I watched a Twilight Zone episode where a racist and bigoted individual joyfully spewed his xenophobic remarks until he entered an alternate universe where he was minority and thus persecuted and marginalized and hurt and abused…because he was not a member of the majority.


Have you ever felt what it is like to be marginalized?

Have you ever been made fun of or belittled.

Have you ever been a member of the minority, in life, and the members of the clique or the ‘in group’ looked down on you and was satisfied that they were better or smarter… or that God loved them in a special way?

Have you ever been bullied?

Have you ever experienced someone describing your entire race in negative terms.

It is terrible when anyone is guilty of racism.

It is chilling when the president of the United States is…and there is silence by our elected leaders!

7 responses

  1. You tell it like it is, my brother.
    Reblogging to my sister site, Success Inspirers World 🏆

  2. Deborah the Closet Monster | Reply

    In our society, people have a tendency to focus on what’s been stated and ignore what goes unstated. We give much more weight to the spoken and evident than the unspoken and less-obvious. Taleb writes a great deal about this, and his reflections have left me always seeking reflections on these biases, such as (ugh!) silence as neutrality … and how to counter them.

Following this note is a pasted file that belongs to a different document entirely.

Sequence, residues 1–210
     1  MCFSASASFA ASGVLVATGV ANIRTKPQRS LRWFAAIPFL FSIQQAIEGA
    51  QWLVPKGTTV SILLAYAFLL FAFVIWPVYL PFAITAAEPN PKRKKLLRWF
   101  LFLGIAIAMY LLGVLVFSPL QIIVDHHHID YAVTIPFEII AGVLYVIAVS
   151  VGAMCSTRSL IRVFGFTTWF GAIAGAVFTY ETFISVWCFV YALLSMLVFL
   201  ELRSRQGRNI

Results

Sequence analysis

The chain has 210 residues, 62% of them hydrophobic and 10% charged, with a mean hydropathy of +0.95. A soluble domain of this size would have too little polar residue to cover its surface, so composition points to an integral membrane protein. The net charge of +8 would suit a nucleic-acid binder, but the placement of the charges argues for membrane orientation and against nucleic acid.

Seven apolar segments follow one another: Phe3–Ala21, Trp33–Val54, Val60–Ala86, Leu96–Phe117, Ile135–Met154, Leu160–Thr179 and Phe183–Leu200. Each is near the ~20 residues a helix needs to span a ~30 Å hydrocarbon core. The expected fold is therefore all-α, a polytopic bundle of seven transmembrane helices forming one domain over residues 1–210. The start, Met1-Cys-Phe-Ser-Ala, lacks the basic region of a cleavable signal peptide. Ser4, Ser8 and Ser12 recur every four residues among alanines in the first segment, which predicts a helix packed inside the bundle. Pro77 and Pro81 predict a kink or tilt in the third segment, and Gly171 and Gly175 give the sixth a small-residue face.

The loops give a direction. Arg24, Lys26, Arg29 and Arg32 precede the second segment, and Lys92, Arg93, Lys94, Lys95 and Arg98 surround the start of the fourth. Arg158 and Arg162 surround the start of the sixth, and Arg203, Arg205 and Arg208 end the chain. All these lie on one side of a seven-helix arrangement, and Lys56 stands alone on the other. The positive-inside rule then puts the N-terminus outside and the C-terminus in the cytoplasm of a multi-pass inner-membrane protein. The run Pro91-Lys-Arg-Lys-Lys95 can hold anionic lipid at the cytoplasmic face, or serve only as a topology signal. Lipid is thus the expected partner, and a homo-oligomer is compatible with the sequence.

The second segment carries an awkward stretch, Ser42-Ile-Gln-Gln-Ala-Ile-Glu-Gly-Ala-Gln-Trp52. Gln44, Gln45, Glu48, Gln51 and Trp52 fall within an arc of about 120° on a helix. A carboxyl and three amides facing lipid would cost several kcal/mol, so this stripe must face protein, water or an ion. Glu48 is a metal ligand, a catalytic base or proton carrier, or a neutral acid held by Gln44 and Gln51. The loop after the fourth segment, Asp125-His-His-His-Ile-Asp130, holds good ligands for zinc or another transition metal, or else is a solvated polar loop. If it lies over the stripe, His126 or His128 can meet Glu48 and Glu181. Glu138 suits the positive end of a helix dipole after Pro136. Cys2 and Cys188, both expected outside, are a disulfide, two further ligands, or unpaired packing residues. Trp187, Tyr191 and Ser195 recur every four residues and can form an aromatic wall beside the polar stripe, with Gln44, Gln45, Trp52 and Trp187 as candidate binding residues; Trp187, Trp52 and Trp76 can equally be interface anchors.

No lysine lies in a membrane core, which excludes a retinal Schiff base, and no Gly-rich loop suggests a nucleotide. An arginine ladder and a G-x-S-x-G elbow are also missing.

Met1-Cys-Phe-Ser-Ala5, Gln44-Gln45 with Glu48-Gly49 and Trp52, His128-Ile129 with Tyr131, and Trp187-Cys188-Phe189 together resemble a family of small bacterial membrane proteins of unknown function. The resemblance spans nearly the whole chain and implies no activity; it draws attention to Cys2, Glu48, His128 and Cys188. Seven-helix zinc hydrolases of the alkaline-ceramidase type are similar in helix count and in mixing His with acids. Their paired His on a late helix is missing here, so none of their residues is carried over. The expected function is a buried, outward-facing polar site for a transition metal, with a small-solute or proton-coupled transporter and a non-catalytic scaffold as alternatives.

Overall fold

I bookmarked one from Harvard Business Review, which I hadn’t yet read. Its title alone matched it to my interests and this post: “Before a Meeting, Tell Your Team That Silence Denotes Agreement.” I scanned the article just now, and, yep. I agree with it and you: we must move away from the bizarreness of silence as reality, and toward acknowledging that silence upholds whatever goes unchallenged. Or, as the HBR article puts it:

    These three words do a great job of forcing people to open up, no matter how reluctant (or passive-aggressive) they may be feeling. Explain to people that if they don’t say anything when given a proposal or plan, they’re voting “yes” to it. Silence doesn’t mean “I’m not voting” or “I reserve the right to weigh in later.” It means “I’m completely on board with what’s being discussed.”

    I endorse its conclusion, and–it seems–yours: we must “Set one key ground rule: ‘Silence denotes agreement’ or ‘qui tacet consentire videtur,’ as it’s been known for centuries.”

    1. I appreciate your excellent comments and agree completely. I have witnessed prejudicial acts being stopped by someone having the courage to speak against them.

      Often, if one or two people of good will, speak against a wrong…others, who are silently agreeing with them, will speak up as well.

  3. and often to bring change we need to speak out even if your the lone voice

    1. So true.

      Courage of conviction can change wrong to right.